4. Howard Kilburn says:

    I heard somewhere that 32 scale is the ‘new’ 48 scale these days and I probably would agree..certainly for WWII fighters….but mebbe not for the bigger stuff. Looking at my latest build a 32 scale Revell new tool Spitfire and imagining a HK models Lanc in the same scale…phew!!! I, m sure when HK finally produce the Lanc, it, ll get built….I had pre ordered one with my local on line store ( my Dad was on Lancs during the war )…,but bailed out eventually and picked up Tamiya’s 48 scale example. However roll on a new tool Beaufighter, ME 410, ME 262, possibly even a Wellington in 32….I, d go for them all……but might have to rent a larger appartment.
    regards Howard

  5. atcDave says:

    The balance of size vs detail has just always looked right to me in 1/48. Especially now that so many vehicle and armor kist are available in the scale, I love that all my subjects can scale correctly next to each other. Sure a 1/48 jeep is tiny, but parked next to the B-25 it should be…

  6. So 1/72 scale armor is right out the window, then!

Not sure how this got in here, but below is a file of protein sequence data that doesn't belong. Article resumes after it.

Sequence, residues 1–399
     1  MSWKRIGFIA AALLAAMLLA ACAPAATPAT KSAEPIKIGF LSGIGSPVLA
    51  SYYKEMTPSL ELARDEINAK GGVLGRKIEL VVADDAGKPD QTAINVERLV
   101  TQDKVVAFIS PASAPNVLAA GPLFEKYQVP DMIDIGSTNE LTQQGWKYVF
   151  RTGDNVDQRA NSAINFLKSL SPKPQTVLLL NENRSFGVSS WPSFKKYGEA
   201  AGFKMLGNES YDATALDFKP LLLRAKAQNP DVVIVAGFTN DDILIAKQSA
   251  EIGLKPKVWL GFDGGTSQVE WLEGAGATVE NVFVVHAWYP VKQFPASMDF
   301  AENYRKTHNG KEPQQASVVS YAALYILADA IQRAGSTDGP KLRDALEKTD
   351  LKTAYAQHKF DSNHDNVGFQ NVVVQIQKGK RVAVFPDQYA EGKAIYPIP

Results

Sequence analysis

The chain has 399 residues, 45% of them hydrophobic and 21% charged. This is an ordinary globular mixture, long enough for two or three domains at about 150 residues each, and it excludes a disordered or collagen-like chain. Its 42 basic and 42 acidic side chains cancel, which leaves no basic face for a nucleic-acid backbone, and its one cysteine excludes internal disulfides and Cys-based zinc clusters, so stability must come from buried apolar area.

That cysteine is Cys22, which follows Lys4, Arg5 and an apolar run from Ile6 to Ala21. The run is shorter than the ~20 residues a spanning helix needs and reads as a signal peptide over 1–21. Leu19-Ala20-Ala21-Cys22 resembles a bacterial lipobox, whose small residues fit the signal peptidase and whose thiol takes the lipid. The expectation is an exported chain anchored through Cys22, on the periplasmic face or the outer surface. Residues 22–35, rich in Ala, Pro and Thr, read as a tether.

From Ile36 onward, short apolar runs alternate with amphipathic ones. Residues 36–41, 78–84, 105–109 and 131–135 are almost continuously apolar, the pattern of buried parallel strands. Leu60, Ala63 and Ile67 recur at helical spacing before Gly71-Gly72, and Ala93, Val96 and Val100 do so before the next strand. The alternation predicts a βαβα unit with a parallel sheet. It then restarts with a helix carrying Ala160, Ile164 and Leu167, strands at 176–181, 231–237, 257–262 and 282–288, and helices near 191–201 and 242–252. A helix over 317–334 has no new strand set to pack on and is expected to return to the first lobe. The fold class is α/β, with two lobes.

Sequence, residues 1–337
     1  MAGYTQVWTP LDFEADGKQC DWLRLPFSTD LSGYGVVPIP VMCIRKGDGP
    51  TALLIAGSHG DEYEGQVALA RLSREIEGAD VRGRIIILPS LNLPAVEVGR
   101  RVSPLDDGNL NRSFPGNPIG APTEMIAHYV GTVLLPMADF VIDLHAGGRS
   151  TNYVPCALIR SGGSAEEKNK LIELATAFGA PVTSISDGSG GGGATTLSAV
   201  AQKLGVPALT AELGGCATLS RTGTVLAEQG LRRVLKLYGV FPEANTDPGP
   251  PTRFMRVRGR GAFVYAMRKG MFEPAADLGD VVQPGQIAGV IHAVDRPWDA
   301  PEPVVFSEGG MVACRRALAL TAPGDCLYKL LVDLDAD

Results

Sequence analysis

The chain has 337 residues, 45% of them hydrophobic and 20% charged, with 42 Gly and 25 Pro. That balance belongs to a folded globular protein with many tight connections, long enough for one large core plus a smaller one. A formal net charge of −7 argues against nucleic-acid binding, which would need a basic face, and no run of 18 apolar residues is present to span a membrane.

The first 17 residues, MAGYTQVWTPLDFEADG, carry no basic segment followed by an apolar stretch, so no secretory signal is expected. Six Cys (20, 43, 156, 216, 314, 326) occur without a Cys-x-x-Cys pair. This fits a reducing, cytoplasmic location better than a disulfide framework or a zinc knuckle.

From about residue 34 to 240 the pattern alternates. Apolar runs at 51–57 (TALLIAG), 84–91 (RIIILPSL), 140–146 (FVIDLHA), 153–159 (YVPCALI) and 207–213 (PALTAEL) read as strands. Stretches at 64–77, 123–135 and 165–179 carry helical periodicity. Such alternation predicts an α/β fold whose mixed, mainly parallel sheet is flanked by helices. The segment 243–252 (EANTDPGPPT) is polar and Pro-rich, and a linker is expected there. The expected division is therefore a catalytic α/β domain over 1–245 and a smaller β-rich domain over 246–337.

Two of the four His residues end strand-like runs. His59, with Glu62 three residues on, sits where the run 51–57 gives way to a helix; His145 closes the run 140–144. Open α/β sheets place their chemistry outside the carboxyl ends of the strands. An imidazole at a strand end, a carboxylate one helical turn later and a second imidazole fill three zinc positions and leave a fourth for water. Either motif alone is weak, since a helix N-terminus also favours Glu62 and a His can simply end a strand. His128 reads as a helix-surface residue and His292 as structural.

Tamiya has done pretty well making 1/48 armor a thing on its (mostly) lonesome, so I think it would be possible for one manufacturer to make 1/24 armor a ‘thing’ (more than the few lonesome kits that currently exist in that scale, anyways). However, it would long term dedication, good kits and a modicum of affordability.

  7. Brent Sauer says:

    My preferred scale for aircraft is 1/48. I build almost exclusively modern jets.
    I prefer 1/35th for armor. I just don’t find the detail and work involved in 1/72 too satisfying.

    To blur the line between 1/48th and 1/35th I build helicopters in both scales.
    I do have some ship models in the stash and my preferred scale for them is 1/350th scale. 1/350 pushes sizes limits in some cases but satisfies my appetite for detail.

  8. JC Osborne says:

    Tend to agree with you, Doog. 1/32 for some WW2 ….tho multi engines are stretching it. 1/48 for jets and some multi engine. I’ve given up on armor as 1/35 just doesn’t work for me. Too small. I agree 1/24 would be perfect.

    If I’m stuck in builds where it seems nothing is getting completed, I sometiimes pickup a 72nd scale aircraft and whip it together. Gets my head back in the game. Go figure.

Leave a Reply to Cassandra Branch Cancel reply

Fill in your details below or click an icon to log in:

WordPress.com Logo

You are commenting using your WordPress.com account. Log Out /  Change )

Facebook photo

You are commenting using your Facebook account. Log Out /  Change )

Connecting to %s

This site uses Akismet to reduce spam. Learn how your comment data is processed.